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Wednesday, November 20, 2019  Spokane, Washington  Est. May 19, 1883
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News >  Spokane

100 years ago in Spokane: Mayor says increasing population would save streetcar system

Instead of raising fares, Spokane Mayor C.M. Fassett said that increased ridership might soon solve the financial woes of Spokane streetcar companies, the Spokane Daily Chronicle reported on March 21, 1919. It also reported that a jury found Clinton A. Lathrop guilty of first-degree murder for shooting his wife during a divorce dispute. (Spokesman-Review archives)
Instead of raising fares, Spokane Mayor C.M. Fassett said that increased ridership might soon solve the financial woes of Spokane streetcar companies, the Spokane Daily Chronicle reported on March 21, 1919. It also reported that a jury found Clinton A. Lathrop guilty of first-degree murder for shooting his wife during a divorce dispute. (Spokesman-Review archives)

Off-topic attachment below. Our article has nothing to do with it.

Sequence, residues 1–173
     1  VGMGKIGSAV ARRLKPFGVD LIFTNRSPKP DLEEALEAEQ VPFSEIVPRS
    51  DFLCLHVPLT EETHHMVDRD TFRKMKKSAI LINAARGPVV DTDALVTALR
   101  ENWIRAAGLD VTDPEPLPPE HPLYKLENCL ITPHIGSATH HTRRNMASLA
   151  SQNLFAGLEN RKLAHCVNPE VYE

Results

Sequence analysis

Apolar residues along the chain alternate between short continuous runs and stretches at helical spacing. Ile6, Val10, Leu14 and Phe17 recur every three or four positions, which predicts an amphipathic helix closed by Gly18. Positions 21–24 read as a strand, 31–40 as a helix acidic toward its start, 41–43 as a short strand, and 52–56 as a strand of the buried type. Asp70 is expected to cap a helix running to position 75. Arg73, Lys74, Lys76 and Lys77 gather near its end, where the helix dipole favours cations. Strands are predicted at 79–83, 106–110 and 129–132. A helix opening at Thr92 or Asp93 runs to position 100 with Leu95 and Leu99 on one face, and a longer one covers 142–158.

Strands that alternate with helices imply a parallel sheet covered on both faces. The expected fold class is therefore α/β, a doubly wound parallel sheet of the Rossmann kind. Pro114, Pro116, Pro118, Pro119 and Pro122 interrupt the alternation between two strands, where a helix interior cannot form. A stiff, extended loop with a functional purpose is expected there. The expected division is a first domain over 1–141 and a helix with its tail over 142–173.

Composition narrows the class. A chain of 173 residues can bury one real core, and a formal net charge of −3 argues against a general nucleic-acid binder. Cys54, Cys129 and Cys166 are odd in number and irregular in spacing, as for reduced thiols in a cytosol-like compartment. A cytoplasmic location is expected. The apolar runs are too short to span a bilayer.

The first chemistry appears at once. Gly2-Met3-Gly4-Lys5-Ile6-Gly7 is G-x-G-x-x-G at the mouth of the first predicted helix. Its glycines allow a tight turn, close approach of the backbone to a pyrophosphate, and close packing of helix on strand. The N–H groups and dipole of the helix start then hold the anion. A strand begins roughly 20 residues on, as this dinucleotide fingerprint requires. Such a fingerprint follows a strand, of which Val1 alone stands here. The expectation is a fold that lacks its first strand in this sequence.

Mayor C.M. Fassett suggested a possible solution to Spokane’s streetcar crisis.

Instead of raising fares, which the private streetcar companies proposed, Fassett said increased ridership might soon solve the problem.

“I believe 5,000 new people have come into Spokane since January 1,” said the mayor. “Business is picking up on all streetcar lines, especially those of the Washington Water Power Company.”

He expressed the overly optimistic hope that this would put the companies “on a paying basis.”

In fact, streetcar patronage would continue a slow and steady decline, mainly because of the rise in auto ownership.

From the court beat: A jury found Clinton A. Lathrop guilty of first-degree murder for shooting his wife during a divorce dispute.

Lathrop’s attorneys had pursued an insanity defense. When Lathrop took the stand, he vaguely claimed he heard a gun go off but didn’t know who fired it or whether anyone was hurt. After the shooting, he jumped into the Spokane River and unsuccessfully attempted suicide.

The jury deliberated for only three hours.

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